A guitar’s contingent value (referred to as "goodwill" in business valuations) plays an important role in the overall worth of the guitar. Goodwill can be defined as the value of the guitar above the value of its tangible assets, or its intrinsic value. It is a function of the buyer’s love and admiration of vintage instruments above the core functional value that it carries.3 The brand name of a guitar is a prime example of goodwill, as an established name generally yields more profit and return than a lesser-known brand. People are willing to pay more for a collectible because they are confident the resale value will be nearly the same.4 The vintage guitar market in America is largely dominated by cultural values placed upon the instruments, generating constant appreciation in recent years. People love and respect guitars that create the tones of popular American culture, and that creates demand.5

The vintage guitar market is subject to the same factors that influence the stock market. Currency exchange rates, fad buying, and panic selling are all conditions that affect the price of a particular guitar.6 Even seemingly miniscule events can influence the market for guitars. A comparision between the wealthy collectors in the guitar market and those that are in the business sphere shows that the value of land can increase dramatically if one wealthy person deems the land as extraordinarily valuable and offers a generous bid. Others in the same financial position may decide they want to capitalize on this and a bidding war begins over land that was seemingly average. This is currently occurring with land in downtown Los Angeles. Billionaire Alan Casden is in the run for a large portion of land that he plans on redeveloping to include a new Dodger Stadium. He has met with much opposition and competition, as other billionaires step forth with their own ideas on how the land should be used.7 The overall value has risen dramatically due to the sudden interest of wealthy individuals. Perhaps the most obvious element in determining the value of your guitar is time. Countless hours are required for researching, documenting, and rationalizing data.8 Valuations of any sort cannot be practiced half-heartedly; a lot of time and effort are necessary to develop reliable, well-documented appraisals.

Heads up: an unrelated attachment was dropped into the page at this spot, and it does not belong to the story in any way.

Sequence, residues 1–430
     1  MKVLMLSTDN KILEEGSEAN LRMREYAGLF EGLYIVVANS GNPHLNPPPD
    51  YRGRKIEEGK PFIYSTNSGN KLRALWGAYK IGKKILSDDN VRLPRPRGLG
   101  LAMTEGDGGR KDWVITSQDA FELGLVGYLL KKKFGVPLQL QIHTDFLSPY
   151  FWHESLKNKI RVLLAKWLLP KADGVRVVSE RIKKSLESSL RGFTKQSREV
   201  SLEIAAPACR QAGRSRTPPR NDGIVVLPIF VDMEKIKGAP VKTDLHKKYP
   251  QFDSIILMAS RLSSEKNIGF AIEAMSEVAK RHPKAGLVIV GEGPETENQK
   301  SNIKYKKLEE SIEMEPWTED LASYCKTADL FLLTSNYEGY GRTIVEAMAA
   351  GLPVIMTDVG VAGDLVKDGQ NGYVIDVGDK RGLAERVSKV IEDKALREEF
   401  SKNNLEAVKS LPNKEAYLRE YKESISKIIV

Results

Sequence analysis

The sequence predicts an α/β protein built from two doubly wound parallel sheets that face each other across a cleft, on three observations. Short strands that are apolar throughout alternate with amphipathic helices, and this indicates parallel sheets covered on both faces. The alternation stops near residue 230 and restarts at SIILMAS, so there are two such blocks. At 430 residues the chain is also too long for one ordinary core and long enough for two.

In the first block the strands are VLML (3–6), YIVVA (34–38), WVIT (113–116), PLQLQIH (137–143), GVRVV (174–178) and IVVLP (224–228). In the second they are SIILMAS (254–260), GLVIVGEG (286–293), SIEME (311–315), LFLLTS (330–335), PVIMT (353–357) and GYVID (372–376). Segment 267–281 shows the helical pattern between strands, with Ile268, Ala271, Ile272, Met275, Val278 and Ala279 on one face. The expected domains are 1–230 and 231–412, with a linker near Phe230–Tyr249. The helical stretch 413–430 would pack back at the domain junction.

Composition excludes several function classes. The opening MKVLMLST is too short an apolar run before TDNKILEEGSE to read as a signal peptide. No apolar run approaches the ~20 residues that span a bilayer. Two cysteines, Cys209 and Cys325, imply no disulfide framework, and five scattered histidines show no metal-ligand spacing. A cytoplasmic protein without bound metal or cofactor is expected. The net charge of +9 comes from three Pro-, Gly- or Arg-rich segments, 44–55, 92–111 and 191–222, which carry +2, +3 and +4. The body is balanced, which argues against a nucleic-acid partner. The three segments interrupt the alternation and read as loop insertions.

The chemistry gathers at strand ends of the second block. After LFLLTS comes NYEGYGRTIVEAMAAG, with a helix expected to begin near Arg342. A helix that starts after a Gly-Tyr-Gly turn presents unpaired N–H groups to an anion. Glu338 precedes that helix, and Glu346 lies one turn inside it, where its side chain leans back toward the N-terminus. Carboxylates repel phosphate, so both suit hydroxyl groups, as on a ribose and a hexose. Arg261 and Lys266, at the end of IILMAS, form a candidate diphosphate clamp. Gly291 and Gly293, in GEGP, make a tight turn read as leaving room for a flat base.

Vintage Guitar Valuation Methodology

There are many different ideas as to how a guitar’s value should be measured. Perhaps the most comprehensive means is a four dimensional approach created by Dr. Thomas F. Brown. They are as follows:

  1. Physical Quality
  2. Tonal Quality

These first two factors are basic, as most people are aware of the function and purpose of a guitar. The following two are more in-depth and require more attention to detail.